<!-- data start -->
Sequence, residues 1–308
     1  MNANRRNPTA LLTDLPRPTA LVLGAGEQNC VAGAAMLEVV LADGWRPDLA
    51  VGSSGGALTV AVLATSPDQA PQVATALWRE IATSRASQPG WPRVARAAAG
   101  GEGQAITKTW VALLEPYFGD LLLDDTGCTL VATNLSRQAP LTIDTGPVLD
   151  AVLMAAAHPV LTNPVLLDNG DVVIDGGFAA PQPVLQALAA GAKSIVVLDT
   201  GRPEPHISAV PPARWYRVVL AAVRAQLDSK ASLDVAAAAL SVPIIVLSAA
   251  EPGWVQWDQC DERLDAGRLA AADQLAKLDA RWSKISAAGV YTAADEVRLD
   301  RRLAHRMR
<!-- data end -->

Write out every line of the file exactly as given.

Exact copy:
Sequence, residues 1–308
     1  MNANRRNPTA LLTDLPRPTA LVLGAGEQNC VAGAAMLEVV LADGWRPDLA
    51  VGSSGGALTV AVLATSPDQA PQVATALWRE IATSRASQPG WPRVARAAAG
   101  GEGQAITKTW VALLEPYFGD LLLDDTGCTL VATNLSRQAP LTIDTGPVLD
   151  AVLMAAAHPV LTNPVLLDNG DVVIDGGFAA PQPVLQALAA GAKSIVVLDT
   201  GRPEPHISAV PPARWYRVVL AAVRAQLDSK ASLDVAAAAL SVPIIVLSAA
   251  EPGWVQWDQC DERLDAGRLA AADQLAKLDA RWSKISAAGV YTAADEVRLD
   301  RRLAHRMR